The link to the Tutorial 7 slides on the tutorials page has been fixed (it previously pointed to the wrong set of slides).
[Nov. 5] Lots of updates, including some stuff relevant to Assignment 5!
Assignment 2 solutions were updated with figures that were missing in the first version. Some of you have asked if I can put up solutions to the other assignments, but unfortunately this isn't possible since I didn't grade or solve them.
Revamped, easier-to-use Maple code has been posted for Tutorials 1 through 6; check it out at the tutorials page. As I've mentioned before, you can modify this code to verify some of your assignment questions.
The Tutorial 7 slides have been posted; these cover the fundamental theorems of vector calculus, although much of the same is available in the cheat sheet posted earlier.
The Tutorial 5 slides were revamped to simplify some confusion concerning scalar and vector line integrals (this notification was posted earlier also).
Lastly, some hints on the current assignment (more detailed hints were given during my tutorial section last week):
Question 1: Use the divergence theorem. Part A can be done in exactly two short steps; for Part B you'll have to prove a vector identity.
Question 2: Use Stokes' theorem. Part A is straightforward to do with the methods in the tutorial slides; Part B requires a bit of thought, but is not too long or involved once you figure out what to do.
Question 3: Sections 4 and 5.1 of the Wikipedia page on PDEs will tell you everything you need to know to do this question. Even the bonus part isn't too difficult to get if you look the solution up on the Web.
Question 4: Use the multivariable chain rule; if you didn't attend my tutorial section last week, just look it up in a textbook.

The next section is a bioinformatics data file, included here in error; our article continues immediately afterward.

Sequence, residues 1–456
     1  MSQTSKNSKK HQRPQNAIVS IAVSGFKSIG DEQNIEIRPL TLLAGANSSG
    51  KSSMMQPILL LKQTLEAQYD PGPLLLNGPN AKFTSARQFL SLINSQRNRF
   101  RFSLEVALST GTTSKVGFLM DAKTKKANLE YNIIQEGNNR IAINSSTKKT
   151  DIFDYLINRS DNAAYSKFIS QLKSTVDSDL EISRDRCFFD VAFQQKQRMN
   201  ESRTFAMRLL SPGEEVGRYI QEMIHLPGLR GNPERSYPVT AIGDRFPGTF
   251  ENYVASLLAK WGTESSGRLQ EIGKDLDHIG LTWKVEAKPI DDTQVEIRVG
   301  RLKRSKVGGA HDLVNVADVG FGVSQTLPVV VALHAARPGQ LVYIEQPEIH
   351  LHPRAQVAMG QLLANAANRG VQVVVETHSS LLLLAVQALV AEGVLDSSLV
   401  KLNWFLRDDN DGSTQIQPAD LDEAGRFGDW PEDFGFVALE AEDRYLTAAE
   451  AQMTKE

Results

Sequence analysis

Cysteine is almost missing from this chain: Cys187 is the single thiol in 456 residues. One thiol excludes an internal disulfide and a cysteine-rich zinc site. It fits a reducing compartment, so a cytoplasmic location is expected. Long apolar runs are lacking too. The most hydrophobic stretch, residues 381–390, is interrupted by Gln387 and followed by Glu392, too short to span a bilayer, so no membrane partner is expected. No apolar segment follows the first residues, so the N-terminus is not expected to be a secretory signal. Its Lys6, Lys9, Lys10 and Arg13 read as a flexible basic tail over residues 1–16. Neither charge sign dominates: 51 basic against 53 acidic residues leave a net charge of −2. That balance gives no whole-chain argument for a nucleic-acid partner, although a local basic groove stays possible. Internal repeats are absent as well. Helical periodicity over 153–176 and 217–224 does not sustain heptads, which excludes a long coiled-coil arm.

[Oct. 25] Further to what's written below, I've also added the Tutorial 6 slides to the tutorials page, which may help with some of Assignment 4. The slides for Tutorial 5 have also been updated to clarify some confusion with scalar versus vector line integrals. As the new set of slides states, all of the forms of line integral are interchangeable: what decides if a line integral is scalar or vector is not the form it's in, but rather if a direction of integration is specified (vector) or not (scalar). The only way this impacts the problem is in how you parametrize the curve of integration, specifically whether the parameter is allowed to go from large to small values or not (it's allowed in vector line integrals, but not in scalar ones).
[Oct. 25] I'd hoped to have an update up sooner (particularly for scans of the last couple of tutorial solutions), but I've been much busier than anticipated lately, and so a more extensive update will likely only come after this assignment. I apologize for this; I'll nevertheless list some tips for Assignment 4 that will hopefully help if you're still stuck on any particular problem.
Question 1, Part A: Showing that the curl of F is zero is straightforward (just work out the cross product in the definition of the curl). Then find a scalar potential function in the manner discussed in Tutorial 6 (that is, use the exact ODEs method to solve F = grad phi).